By the time Shannon arrived in Dublin I was feeling good about the circle of friends I'd made. It was nice spending time in Dublin with locals rather than travellers. Even despite the continues down pouring of rain that seemed to follow me from London. But now, Shannon, my close friend of 15 years, was here for 2 weeks of vacation, making me SO SO happy. Shannon and I haven't lived in the same town since high school back in West Virginia but have always both made a successful effort to travel to see each other. We reminisced about times we spent together in West Virginia, New York City, Las Vegas, Los Angelos and San Francisco. It was exciting to add some of Europe to the list. We spent one more fun night in Dublin before heading out on a tour of the south of Ireland.

Oh the Paddywagon. Here's the link to the backpacker tour company with the itinerary of what we did: http://www.paddywagontours.com/viewtour.php?id=2&&day=16&&month=08&&year=2007 It was a great six days, seeing the spectacular scenery, learning about the history and current political/social climate of Ireland and acquiring a true appreciation for Guinness as well as Irish whiskey. One small town we visited had a population of 900 residents and 9 pubs. We laughed that at any given time everyone in town could be in a pub. Shannon learned where all her favorite New York City pubs were named after.

I also had a few really spectacular runs in Ireland. Getting totally lost in Dublin, passing the deer and Ross Castle in the Killarney National Park and jogging along cows and sheep on the Dingle Peninsula - all great highlights of Ireland for me.

I also have to mention that we had the best tour guides, who were so well informed, it made the entire experience. It was also great to discover some great Irish bands, thanks Evonne. :-) And thanks to Tara for the Australian tips as well. All long roads trips deserve good tunes.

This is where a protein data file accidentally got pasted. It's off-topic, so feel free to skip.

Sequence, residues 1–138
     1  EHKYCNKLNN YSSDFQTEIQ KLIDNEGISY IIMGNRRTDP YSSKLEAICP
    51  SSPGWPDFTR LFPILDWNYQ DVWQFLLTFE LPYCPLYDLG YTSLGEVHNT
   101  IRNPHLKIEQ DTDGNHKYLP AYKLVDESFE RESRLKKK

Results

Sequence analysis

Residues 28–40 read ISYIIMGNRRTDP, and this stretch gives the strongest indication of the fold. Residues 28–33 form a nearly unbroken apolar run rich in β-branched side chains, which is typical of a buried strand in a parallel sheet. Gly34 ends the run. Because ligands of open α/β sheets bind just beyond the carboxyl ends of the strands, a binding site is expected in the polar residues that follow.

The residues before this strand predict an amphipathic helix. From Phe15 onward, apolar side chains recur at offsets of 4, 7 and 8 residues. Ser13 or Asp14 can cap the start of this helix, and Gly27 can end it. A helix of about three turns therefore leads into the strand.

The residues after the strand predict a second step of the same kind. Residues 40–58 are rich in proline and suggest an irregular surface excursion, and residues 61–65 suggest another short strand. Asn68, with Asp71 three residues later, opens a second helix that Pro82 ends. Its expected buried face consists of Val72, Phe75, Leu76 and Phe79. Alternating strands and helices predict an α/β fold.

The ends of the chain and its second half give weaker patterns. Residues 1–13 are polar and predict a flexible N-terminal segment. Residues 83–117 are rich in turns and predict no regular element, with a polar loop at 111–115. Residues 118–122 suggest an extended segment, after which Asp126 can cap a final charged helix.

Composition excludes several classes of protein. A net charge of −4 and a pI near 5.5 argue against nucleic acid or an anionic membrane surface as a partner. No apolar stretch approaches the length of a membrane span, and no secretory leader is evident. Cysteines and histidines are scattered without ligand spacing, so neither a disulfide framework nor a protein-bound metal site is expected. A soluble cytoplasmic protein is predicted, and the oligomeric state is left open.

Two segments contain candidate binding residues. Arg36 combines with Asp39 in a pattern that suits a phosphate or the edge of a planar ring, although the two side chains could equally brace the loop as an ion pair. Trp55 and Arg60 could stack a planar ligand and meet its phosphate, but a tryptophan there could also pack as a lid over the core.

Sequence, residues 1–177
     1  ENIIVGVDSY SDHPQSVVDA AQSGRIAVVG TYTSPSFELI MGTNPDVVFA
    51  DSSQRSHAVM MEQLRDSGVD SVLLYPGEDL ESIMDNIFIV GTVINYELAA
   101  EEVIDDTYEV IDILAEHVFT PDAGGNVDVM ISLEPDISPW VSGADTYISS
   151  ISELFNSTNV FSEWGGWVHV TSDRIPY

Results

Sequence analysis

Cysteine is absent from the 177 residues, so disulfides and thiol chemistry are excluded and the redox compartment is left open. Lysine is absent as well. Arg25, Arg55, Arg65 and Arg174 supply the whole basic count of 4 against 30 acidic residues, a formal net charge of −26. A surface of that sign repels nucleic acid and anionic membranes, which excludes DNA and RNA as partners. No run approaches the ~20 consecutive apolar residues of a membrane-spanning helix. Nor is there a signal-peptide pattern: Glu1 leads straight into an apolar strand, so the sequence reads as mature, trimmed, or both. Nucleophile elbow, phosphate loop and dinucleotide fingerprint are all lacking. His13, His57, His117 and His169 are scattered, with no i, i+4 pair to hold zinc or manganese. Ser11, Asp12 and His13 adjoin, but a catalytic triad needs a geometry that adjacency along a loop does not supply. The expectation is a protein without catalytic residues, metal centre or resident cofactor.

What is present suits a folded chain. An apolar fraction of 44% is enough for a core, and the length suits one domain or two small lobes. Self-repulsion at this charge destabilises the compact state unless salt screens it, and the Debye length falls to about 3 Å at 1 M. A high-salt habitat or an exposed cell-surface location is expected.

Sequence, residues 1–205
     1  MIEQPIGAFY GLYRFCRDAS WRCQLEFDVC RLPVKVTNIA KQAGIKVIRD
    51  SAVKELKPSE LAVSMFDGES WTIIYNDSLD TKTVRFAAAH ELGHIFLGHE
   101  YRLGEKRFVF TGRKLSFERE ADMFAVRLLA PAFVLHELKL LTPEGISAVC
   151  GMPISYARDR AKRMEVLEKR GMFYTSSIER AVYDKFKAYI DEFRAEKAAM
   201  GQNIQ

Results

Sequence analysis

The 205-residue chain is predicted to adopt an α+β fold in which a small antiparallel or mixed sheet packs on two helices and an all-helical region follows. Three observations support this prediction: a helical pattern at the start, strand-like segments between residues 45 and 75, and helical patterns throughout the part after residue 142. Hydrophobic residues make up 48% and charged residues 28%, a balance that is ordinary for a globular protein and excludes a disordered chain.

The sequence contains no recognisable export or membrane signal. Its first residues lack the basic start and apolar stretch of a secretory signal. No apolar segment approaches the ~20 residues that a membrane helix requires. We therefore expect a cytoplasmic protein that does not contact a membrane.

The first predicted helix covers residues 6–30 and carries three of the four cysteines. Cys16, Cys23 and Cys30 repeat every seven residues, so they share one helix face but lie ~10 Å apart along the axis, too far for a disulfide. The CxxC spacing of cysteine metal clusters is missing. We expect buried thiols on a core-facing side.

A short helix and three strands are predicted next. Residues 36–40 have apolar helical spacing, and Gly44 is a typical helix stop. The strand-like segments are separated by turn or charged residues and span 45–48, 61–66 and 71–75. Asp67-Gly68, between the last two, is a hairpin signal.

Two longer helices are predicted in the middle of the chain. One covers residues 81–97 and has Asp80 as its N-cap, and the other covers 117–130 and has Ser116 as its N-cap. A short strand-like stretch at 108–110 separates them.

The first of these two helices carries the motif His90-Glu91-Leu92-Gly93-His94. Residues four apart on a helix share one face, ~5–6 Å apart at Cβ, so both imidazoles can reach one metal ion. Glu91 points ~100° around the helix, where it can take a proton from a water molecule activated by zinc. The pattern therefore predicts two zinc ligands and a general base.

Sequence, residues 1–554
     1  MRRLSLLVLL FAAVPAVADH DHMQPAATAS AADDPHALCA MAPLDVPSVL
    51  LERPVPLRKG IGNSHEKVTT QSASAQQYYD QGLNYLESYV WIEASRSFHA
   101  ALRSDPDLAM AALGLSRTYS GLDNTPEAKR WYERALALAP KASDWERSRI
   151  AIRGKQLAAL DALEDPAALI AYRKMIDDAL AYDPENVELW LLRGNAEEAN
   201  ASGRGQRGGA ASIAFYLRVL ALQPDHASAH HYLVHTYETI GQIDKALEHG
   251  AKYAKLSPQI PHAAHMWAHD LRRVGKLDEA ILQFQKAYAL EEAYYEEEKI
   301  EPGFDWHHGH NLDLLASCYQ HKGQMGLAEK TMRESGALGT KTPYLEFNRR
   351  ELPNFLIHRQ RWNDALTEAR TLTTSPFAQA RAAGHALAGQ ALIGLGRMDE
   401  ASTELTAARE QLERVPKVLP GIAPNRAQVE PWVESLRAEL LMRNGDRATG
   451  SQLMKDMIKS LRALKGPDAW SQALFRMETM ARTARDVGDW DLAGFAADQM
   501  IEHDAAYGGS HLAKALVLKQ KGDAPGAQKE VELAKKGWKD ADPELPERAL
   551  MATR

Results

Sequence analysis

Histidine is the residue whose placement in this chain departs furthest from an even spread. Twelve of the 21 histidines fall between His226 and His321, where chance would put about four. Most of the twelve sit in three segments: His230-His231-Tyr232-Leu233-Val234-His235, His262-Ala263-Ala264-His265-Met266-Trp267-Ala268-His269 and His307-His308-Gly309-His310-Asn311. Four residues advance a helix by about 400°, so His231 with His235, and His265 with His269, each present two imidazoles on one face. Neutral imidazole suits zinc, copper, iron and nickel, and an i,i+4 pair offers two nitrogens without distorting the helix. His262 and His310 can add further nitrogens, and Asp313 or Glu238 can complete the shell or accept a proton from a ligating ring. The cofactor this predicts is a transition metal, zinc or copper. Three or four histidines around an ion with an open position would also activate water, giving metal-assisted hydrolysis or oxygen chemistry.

One last day in Dublin and then we were off on the evil Ryan Air to Italy. But I won't forget my last day in Dublin because of the long heart to heart Shannon and I shared that day. This and all the memories that she and I created in Ireland will never be forgotten.


The title of this post should actually be London. That would be more accurate as I spent 10 days in London without seeing any other parts of England. But I could spend a lifetime there so 10 days was just a taste for me. Arriving at the airport I was met by the most horrible, uptight, ridiculous customs agent on the history of the planet. I won't relive the experience, but lets just say at the end of a 25 minute interrogation, I had answered questions about how I was funding my travels and what nationality Lorraine's sister Katy was. Totally nonsensical to me at the time, until I learned about the security crisis going. Nonetheless.

I met Katy at the Covent Gardens tube stop where she and her other fashion designer friends promptly took me to the newest Ted Baker store. They tried on clothes to purchase with their allowances while I was just a dorky traveller in my hiking shoes. But that didn't last for long, I was quickly knee deep in Katy's closet and make up bag. I love Katy!!! We had a blast together. She totally took me in and made me part of her life. After spending so much time with Lorraine I knew we would get along well,